Orange’s short-travel ST4 has been overshadowed by their ‘so successful they can’t make it fast enough’ Five. It’s been revamped for 2011, but it’s still unlikely to steal the limelight.
Ride & handling: Neutral pedaller that loves to climb
The immediate impression is of a well sorted but unremarkable trail bike. The steering is quick and keen enough to chase tight singletrack lines or feather front wheel traction on ﬂat, fast tracks, and the frame is long enough for breathing space on climbs. It’s a lot more neutral in terms of pedal action than the simple swingarm Five too.
This means you rarely need to touch the ProPedal platform damping on the Fox shock, and traction is consistently good as far as the tyres allow. Less brake jack and travel mean it doesn’t pitch to and fro as much in stop/go moments, but it’ll still land a drop or suck up the odd big-hit ﬁne.
There’s deﬁnitely less of an interactive, permanently playful feel than on other Oranges. Twist and reduced stability from the steeper, non-tapered head tube mean it’s less conﬁdent on really steep or fast descents too. At 28.5lb (12.9kg) minus pedals, weight and effort are high for price and travel.
Frame: ‘Detuned’ chassis would benefit from tapered head tube
The most surprising, potentially controversial thing about the new ST4 is that Orange told us it’s been detuned to stop riders ragging it too hard. That means there’s a conventional rather than tapered head tube and a 120mm-travel fork limit.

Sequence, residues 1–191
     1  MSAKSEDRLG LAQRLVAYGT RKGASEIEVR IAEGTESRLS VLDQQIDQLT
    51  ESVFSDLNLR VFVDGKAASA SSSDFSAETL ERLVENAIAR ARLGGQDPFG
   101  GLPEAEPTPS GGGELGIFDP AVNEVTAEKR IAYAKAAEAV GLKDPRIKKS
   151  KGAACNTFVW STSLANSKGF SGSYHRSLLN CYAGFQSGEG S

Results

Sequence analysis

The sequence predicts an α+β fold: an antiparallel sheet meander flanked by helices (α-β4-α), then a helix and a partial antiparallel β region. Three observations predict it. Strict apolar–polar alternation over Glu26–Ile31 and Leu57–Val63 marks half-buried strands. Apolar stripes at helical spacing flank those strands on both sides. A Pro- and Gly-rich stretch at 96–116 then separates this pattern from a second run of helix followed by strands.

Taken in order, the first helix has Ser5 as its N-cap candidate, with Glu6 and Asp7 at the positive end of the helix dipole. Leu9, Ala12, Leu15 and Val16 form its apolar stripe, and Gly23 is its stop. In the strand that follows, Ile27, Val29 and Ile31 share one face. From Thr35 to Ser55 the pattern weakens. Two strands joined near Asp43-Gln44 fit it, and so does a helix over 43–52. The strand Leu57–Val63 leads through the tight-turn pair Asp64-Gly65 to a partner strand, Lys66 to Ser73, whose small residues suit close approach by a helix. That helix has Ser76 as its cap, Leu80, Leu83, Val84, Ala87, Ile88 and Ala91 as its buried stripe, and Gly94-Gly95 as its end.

The head angle is a quite conservative 68 degrees, and it’s topped with a cross-country length stem and mid-width bars. There’s still a big gusset under the head tube though, and the linkage plates have been beefed up as well.
Chunky rectangular chainstays have also been added to combat rear end ﬂex, though the seatstays are still skinny and braceless for maximum mud clearance. A machined horseshoe at the shock end and pivots above the big dropout sections complete the suspension circuit.
The overall effect is a 110mm-travel (4.3in) frame that weighs 200g less than the equivalent sized 140mm-travel (5.5in) Five. It also costs £90 more to cover the cost of the extra linkages and bearings.
Equipment: UK-proof toughness comes at a cost
Orange have matched this practical UK-made trail bike with similarly practical UK kit. Hope brakes and hubs are a highlight, with solid Mavic hoops removing any wheel worry. We’ve yet to ﬁnd Maxxis Advantage tyres an actual bonus, though, besides their relatively low weight.
The Fox open bath fork gets a screw-through 15mm axle to increase stiffness and nurture what traction there is.Transmission is an equally reliable Shimano SLX/XT mix, and the Race Face ﬁnishing kit is okay too. Considering Orange’s small volume production and the fact you’re getting a handmade UK frame, it’s not a bad price.
|Name||ST4 Pro (11)|
|Available Colours||Electric Blue|
|Rear Hub||Hope Pro 2|
|Brake Levers||Hope Tech X2 183/162|
|Stem||Orange Stalk +|
|Shifters||Shimano SLX R Fire +|
|Saddle||SDG Bel Air|
|Rear Tyre||Maxxis Advantage 2.25|
|Rear Shock||Fox Float RP23 XV|
|Rear Derailleur||Shimano XT Shadow 10 sp|
|Available Sizes||16 18 20|
|Headset Type||FSA TH857|
|Front Tyre||Maxxis Advantage 2.25|
|Front Derailleur||Shimano SLX|
|Frame Material||Moulded and Formed 6061-T6/Custom Butted Aluminium Tube QR Axle|
|Fork||Fox 32 F-RL 120mm QR15|
|Cranks||Race Face Evolve XC 10sp Turbine rings X Type|
|Brakes||Hope Tech X2 183/161|
|Bottom Bracket||Race Face X Type|
|Spoke Type||DT Swiss Competition|